Wed 29, May 2019
Your autumn 2017 edition of Bridge should have arrived in your virtual or real mail boxes by now.
This latest edition covers a number of subjects, including the extraordinary developments in the world of research. For example, we look at a recent Melbourne trial where physiotherapy interventions have resulted in dramatic reductions in waiting lists and fewer invasive therapies for women at public urogynaecological clinics.
We also hear from Brisbane clinicians who use fun and novel biofeedback-based computer games to teach children with bladder and bowel dysfunction how to control their pelvic floor muscles.
The development of an extraordinary drug, derived from bottom-of-the-ocean dwelling bacteria, that destroys nearby cancer cells when activated with light, is yet another inspiring story of how far research has taken us .
Equally inspiring is the story of Diane, a delightful 80-year-old Melbourne woman, who has reclaimed her continence and her active, stimulating life, thanks to her ever-inquiring mind and positive, can-do attitude.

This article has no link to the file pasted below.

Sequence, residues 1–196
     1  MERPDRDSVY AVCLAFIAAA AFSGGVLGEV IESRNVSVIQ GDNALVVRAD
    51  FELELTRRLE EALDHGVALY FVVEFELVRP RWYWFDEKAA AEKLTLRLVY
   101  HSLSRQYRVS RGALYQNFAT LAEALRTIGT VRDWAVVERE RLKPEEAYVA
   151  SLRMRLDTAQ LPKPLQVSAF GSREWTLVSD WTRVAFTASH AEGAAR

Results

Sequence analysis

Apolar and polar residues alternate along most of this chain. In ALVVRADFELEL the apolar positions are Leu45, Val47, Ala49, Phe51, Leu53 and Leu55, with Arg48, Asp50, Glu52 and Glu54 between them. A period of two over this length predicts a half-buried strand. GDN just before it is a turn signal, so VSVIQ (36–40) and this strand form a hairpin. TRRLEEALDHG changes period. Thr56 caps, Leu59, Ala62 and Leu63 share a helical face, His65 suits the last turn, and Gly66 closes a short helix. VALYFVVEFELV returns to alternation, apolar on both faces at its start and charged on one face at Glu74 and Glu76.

Our Q & A sections looks at some of the more common defaecation problems continence physiotherapist Angela Khera treats at the Alfred, and we share some of the more unusual but true facts around bladders and bowels.
Bridge is also available to view online here.
If you don't receive Bridge, or you'd like a copy (or multiples for your clinic), phone the Helpline (1800 33 00 66) or subscribe online.